Marduk doesn’t fuck around with any of the usual black metal atmospheric bullshit like keyboards or choirs. What you’re going to get from them is nothing but blistering metal from start to finish, and that’s exactly what ‘Nightwing’ is.
Unlike many of their Norwegian counterparts, these mad Swedes aren’t afraid of bass or decent production either. Let’s face it, necro black metal production is a method of covering poor musicianship and crap ideas. Marduk has nothing to hide. By having B. War’s bass loud enough to be heard, it adds power to the guitar sound, putting the metal back into black metal.
On their early albums, Marduk often used blast beats as a cure all, to bridge parts of songs or to fill gaps when noting was happening. Blast beats are conspicuous by their absence here.
‘Nightwing’ is divided into two chapters. The first chapter, titled ‘Dictionaire Infernal” is your typical “Here comes Satan, what a nice chap, all kneel and praise him. He’ll lightly sauté your bollocks for all eternity and you’ll enjoy it, so go and do him a favour and knock off Jesus” type of story. It’s been done before, and no doubt will be done again, but it’s nice, safe standard black metal fare.
For some strange reason, the title track pops up between the two chapters, but isn’t listed in the track listing. It’s what you’d expect- hyperspeed black metal with vocals screeching about the vampire myth. Legion’s vocals never progress much past a breathy monotone, but they really don’t need to, basically just being the fourth instrument in the mix.
The second chapter is called “The Warlord Of Wallachia”, and tackles the legend of Vlad Dracul and his bloodthirsty military campaign through Eastern Europe and into the Middle East during the 15th Century. The five tracks are a fairly basic narrative of events.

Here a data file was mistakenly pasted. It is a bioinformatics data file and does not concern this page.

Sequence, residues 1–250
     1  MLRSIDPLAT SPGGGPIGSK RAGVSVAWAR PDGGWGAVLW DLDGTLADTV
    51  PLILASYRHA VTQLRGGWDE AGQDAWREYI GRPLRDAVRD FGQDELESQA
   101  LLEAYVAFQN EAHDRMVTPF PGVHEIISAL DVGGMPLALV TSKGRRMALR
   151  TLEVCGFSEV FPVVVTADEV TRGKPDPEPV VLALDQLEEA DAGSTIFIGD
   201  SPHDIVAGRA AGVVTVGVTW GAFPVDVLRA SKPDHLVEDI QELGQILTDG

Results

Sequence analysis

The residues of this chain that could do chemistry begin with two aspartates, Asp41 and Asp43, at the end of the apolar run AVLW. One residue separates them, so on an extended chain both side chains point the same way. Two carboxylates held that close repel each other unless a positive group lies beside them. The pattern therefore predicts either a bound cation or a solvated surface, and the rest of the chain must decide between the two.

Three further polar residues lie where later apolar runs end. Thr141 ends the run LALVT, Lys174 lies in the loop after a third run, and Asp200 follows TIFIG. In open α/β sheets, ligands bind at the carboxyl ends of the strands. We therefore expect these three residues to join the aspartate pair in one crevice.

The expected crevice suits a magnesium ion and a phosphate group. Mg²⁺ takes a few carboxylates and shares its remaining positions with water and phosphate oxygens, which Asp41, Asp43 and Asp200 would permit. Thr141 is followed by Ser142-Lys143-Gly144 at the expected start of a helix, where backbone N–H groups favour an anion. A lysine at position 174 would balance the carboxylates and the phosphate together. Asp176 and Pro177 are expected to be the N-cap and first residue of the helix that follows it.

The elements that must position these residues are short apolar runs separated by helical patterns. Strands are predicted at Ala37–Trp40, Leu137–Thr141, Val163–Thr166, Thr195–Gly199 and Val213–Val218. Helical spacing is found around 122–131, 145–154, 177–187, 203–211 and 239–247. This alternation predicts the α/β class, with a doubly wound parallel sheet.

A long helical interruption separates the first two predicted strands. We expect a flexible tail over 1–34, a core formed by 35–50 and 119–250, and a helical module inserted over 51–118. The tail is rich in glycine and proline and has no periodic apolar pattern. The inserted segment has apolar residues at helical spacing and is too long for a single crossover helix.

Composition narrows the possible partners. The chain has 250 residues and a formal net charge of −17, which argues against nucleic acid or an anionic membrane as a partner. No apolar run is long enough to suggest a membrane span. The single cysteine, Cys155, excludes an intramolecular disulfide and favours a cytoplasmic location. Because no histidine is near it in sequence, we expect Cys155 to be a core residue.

Morgan Hakansson finally finds space for a solo at the beginning of “Dreams Of Blood And Iron”. The slowed tempo adds a militaristic feel to the song, like a medieval army marching to war. Adding to the variation, Legion almost comes up with a vocal melody. Almost...
“Kaziklu Bey (The Lord Impaler)” picks up the pace again, telling of Vlad’s terror campaign against the Turks. “Deme Quaden Thyrane” sounds almost like ‘Under The Sign Of The Black Mark’ era Bathory in places, as Legion pulls off a fairly accurate Quorthon impersonation. Final track “Anno Domini 1476” uses a military snare drum beat and a simple guitar line, while the almost spoken vocals describe how “Dracul fought bravely but the twentieth Boyar would be his last kill/When the Turks found his body they cutted off his head”. OK, so English isn’t the band’s first language, but overall this is an epic tale well told.
‘Nightwing’ isn’t a groundbreaking masterpiece, but it is intense and more than competently executed. It is the sort of album to play a non-believer who has been put off black metal by the likes of Cradle Of Filth or Dimmu Borgir, or even Darkthrone. While it’s not grimness incarnate, ‘Nightwing’ never loses its metal edge.